Gonzales GF and L. G. Valerio Jr.  2006. Medicinal plants from Peru: a review of plants as potential–agents against cancer. Anticancer Agents Med. Chem.. 6(5): 429–444. “Natural products have played a significant role in drug discovery and development especially for agents against cancer and infectious disease. An analysis of new and approved drugs for cancer by the United States Food and Drug Administration over the period of 1981-2002 showed that 62% of these cancer drugs were of natural origin. Natural compounds possess highly diverse and complex molecular structures compared to small molecule synthetic drugs and often provide highly specific biological activities likely derived from the rigidity and high number of chiral centers. Ethnotraditional use of plant-derived natural products has been a major source for discovery of potential medicinal agents. A number of native Andean and Amazonian medicines of plant origin are used as traditional medicine in Peru to treat different diseases. Of particular interest in this mini-review are three plant materials endemic to Peru with the common names of Cat's claw (Uncaria tomentosa), Maca (Lepidium meyenii), and Dragon's blood (Croton lechleri) each having been scientifically investigated for a wide range of therapeutic uses including as specific anti-cancer agents as originally discovered from the long history of traditional usage and anecdotal information by local population groups in South America. Against this background, we present an evidence-based analysis of the chemistry, biological properties, and anti-tumor activities for these three plant materials. In addition, this review will discuss areas requiring future study and the inherent limitations in their experimental use as anti-cancer agents.”

Gonzales G. F., A. Córdova, K. Vega, A. Chung, A.Villena, C. Góñez and S. Castillo. 2002. Effect of Lepidium meyenii (MACA) on sexual desire and its absent relationship with serum testosterone levels in adult healthy men. Andrologia. 34(6): 367–372. “This study was a 12-week double blind placebo-controlled, randomized, parallel trial in which active treatment with different doses of Maca Gelatinizada was compared with placebo. The study aimed to demonstrate if effect of Maca on subjective report of sexual desire was because of effect on mood or serum testosterone levels. Men aged 21-56 years received Maca in one of two doses: 1,500 mg or 3,000 mg or placebo. Self-perception on sexual desire, score for Hamilton test for depression, and Hamilton test for anxiety were measured at 4, 8 and 12 weeks of treatment. An improvement in sexual desire was observed with Maca since 8 weeks of treatment. Serum testosterone and oestradiol levels were not different in men treated with Maca and in those treated with placebo (P:NS). Logistic regression analysis showed that Maca has an independent effect on sexual desire at 8 and 12 weeks of treatment, and this effect is not because of changes in either Hamilton scores for depression or anxiety or serum testosterone and oestradiol levels. In conclusion, treatment with Maca improved sexual desire.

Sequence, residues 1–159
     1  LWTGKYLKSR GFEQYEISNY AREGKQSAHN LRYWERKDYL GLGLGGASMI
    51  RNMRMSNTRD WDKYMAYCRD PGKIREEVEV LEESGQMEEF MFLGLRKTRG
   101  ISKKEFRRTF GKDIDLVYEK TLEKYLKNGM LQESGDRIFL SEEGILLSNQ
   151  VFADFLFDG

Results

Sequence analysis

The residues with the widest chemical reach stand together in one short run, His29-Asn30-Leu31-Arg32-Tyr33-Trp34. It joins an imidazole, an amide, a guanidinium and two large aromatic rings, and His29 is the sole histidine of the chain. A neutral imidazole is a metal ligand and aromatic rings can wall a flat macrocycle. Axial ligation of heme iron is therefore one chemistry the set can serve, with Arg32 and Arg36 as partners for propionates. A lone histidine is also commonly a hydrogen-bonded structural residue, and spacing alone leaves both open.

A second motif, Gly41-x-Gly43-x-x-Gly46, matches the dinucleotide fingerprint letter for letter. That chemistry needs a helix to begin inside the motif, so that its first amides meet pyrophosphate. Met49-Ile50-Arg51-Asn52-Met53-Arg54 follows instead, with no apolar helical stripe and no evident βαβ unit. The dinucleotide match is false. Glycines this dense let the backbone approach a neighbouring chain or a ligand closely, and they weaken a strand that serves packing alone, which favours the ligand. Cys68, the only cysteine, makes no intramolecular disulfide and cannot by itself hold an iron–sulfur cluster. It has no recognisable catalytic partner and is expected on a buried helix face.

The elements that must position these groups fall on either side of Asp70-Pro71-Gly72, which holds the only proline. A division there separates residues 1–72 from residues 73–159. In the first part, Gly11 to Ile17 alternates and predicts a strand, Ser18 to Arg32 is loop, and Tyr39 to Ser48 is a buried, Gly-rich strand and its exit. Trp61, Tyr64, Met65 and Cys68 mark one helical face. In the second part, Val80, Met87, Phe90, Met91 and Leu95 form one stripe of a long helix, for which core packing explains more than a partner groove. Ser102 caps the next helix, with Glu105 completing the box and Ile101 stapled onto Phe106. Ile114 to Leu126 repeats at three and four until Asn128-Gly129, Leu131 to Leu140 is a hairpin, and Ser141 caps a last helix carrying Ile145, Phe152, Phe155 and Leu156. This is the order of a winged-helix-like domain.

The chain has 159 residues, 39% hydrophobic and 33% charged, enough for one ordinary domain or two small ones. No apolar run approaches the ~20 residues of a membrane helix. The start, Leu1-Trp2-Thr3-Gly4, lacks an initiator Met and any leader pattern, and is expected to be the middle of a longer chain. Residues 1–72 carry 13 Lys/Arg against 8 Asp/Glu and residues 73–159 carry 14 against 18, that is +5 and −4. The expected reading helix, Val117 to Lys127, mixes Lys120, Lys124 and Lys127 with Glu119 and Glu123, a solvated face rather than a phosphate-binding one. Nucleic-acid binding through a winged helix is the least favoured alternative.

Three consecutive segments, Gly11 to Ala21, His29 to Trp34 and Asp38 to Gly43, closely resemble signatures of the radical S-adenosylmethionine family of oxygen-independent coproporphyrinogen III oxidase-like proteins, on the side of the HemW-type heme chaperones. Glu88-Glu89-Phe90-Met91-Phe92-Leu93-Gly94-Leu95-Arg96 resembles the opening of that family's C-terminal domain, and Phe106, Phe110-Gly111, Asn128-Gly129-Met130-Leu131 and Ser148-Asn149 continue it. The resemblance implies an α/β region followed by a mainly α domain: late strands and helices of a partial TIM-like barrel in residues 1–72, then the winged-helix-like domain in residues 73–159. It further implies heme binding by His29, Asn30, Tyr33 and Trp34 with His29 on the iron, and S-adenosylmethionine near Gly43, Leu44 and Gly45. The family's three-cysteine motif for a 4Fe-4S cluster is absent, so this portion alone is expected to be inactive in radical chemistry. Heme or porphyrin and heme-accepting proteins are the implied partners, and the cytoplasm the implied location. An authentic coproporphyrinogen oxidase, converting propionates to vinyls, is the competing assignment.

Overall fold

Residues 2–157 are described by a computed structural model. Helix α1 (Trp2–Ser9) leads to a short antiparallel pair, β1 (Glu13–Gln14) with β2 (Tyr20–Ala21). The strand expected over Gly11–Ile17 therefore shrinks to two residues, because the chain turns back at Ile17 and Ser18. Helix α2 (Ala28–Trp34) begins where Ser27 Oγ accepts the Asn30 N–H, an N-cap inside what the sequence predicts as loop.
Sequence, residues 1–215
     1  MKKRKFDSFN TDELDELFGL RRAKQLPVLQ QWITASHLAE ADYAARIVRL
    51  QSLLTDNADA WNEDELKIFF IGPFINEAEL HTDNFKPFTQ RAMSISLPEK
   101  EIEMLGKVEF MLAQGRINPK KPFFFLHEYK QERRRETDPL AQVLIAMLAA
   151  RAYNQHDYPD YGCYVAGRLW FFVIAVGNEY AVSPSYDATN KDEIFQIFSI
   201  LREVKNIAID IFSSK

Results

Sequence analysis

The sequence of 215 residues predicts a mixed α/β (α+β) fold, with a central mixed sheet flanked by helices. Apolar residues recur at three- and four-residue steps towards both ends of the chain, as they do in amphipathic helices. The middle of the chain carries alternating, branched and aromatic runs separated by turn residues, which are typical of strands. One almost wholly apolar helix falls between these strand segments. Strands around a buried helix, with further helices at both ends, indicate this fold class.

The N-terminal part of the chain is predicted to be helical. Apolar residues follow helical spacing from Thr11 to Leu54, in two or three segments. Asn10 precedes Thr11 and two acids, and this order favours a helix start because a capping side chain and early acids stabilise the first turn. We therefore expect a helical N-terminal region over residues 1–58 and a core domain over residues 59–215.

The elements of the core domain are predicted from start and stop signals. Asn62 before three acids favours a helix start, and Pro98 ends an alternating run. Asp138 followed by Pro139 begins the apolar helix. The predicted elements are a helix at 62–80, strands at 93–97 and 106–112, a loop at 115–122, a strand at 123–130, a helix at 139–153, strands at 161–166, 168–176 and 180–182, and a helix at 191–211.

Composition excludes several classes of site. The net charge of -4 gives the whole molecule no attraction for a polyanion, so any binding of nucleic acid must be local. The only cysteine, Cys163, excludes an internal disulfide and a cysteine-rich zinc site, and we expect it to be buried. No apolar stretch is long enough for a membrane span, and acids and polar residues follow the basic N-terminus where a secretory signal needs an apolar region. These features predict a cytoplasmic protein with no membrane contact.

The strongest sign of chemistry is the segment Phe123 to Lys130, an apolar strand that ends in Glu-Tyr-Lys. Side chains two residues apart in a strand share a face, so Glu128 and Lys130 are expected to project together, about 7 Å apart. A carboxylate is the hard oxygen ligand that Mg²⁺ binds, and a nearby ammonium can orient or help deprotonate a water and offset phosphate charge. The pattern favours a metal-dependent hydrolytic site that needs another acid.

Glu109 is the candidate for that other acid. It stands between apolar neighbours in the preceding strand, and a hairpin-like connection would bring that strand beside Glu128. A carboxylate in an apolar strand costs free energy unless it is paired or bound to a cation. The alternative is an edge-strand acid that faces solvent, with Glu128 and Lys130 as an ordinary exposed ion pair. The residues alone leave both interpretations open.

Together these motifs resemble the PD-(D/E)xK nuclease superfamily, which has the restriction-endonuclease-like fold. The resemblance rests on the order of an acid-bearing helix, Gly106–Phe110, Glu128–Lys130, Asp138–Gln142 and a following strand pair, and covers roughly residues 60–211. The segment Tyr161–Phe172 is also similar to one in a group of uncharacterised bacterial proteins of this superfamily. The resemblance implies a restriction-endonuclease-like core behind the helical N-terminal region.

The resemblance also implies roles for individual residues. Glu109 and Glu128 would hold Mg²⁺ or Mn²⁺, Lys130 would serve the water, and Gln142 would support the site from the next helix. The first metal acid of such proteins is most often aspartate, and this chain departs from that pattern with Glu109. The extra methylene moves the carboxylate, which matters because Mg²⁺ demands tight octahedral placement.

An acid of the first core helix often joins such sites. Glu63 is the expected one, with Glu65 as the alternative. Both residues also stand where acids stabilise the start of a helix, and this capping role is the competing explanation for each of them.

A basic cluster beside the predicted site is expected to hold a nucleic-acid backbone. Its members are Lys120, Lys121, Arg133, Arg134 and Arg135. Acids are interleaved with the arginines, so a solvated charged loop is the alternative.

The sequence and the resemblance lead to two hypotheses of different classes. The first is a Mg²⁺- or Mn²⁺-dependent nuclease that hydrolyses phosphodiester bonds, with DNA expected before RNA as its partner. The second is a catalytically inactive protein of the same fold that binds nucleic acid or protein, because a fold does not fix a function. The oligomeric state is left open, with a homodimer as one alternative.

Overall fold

Gonzales GF, Cordova A, Gonzales C, Chung A, Vega K, Villena A.  2001. Lepidium meyenii (Maca) improved semen parameters in adult men. Asian J. Androl. 3(4):301–303.  “The present study was designed to determine the effect of a 4-month oral treatment with tablets of Lepidium meyenii (Maca) on seminal analysis in nine adult normal men aged 24-44 years old.  Nine men received tablets of Maca (1500 or 3000 mg/day) for 4 months. Seminal analysis was performed according to guidelines of the World Health Organization (WHO). Serum luteinizing hormone (LH), follicle stimulating hormone (FSH), prolactin (PRL), testosterone (T) and estradiol (E2) were measured before and after treatment. RESULTS: Treatment with Maca resulted in increased seminal volume, sperm count per ejaculum, motile sperm count, and sperm motility. Serum hormone levels were not modified with Maca treatment. Increase of sperm count was not related to dose of Maca.  Maca improved sperm production and sperm motility by mechanisms not related to LH, FSH, PRL, T and E2.”

Muhammad I., J. Zhao, D. C. Dunbar and I. A. Khan. 2002. Constituents of Lepidium meyenii 'maca'. Phytochemistry 59(1): 105–110. “The tubers of Lepidium meyenii contain the benzylated derivative of 1,2-dihydro-N-hydroxypyridine, named macaridine, together with the benzylated alkamides (macamides), N-benzyl-5-oxo-6E,8E-octadecadienamide and N-benzylhexadecanamide, as well as the acyclic keto acid, 5-oxo-6E,8E-octadecadienoic acid. The structure elucidation of the isolated compounds was based primarily on 1D and 2D NMR spectroscopic analyses, including 1H-1H COSY, 1H-13C HMQC, 1H-13C HMBC and 1H-1H NOESY experiments, as well as from 1H-15N NMR HMBC correlations for macaridine and N-benzylhexadecanamide.”

Navarro E., J. Alonso, R. Rodriguez, J. Trujillo and J. Boada.  1994. Diuretic action of an aqueous extract of Lepidium latifolium L. J. Ethnopharmacol. 41(1-2): 65–69. “An aqueous extract of Lepidium latifolium L. given orally and intraperitoneally considerably enhanced urinary excretion (UV) in rats with respect to control groups. A slight increase in ion excretion was also observed. Other parameters such as specific gravity, nitrite, pH, glucose, ketone bodies, urobilinogen, and blood were also studied. A good correlation for the dosage rat/man for the aqueous extract was achieved.